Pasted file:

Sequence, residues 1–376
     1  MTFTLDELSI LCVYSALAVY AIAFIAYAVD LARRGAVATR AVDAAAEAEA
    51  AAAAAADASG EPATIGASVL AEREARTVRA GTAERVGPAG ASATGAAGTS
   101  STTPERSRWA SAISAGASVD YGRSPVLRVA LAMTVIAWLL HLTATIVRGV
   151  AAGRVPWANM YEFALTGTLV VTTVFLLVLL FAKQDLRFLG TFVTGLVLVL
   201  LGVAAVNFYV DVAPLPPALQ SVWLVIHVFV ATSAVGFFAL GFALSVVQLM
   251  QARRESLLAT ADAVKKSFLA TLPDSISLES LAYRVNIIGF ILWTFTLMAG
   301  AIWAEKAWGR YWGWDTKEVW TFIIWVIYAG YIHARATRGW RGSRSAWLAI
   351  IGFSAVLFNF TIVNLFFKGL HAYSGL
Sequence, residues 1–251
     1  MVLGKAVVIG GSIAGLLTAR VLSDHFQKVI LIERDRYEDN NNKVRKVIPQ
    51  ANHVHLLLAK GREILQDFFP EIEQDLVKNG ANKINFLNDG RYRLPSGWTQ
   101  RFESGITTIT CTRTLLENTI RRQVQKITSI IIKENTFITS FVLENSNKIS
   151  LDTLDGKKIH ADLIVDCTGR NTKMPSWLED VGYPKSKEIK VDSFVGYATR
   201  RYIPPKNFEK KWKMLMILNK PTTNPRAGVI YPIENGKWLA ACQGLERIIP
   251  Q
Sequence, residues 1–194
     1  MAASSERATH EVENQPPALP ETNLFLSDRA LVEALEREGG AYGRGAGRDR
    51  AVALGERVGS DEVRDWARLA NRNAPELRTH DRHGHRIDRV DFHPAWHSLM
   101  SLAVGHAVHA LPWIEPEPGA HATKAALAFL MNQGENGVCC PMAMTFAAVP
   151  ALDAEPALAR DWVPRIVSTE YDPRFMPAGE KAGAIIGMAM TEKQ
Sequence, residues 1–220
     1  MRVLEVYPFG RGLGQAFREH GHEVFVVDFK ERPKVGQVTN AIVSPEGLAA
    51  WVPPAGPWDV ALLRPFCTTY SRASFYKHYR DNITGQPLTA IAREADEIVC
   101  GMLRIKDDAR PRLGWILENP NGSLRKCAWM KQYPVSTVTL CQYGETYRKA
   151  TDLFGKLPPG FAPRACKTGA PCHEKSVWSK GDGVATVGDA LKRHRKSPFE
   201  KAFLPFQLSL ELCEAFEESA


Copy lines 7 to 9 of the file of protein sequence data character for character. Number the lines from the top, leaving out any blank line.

   251  QARRESLLAT ADAVKKSFLA TLPDSISLES LAYRVNIIGF ILWTFTLMAG
   301  AIWAEKAWGR YWGWDTKEVW TFIIWVIYAG YIHARATRGW RGSRSAWLAI
   351  IGFSAVLFNF TIVNLFFKGL HAYSGL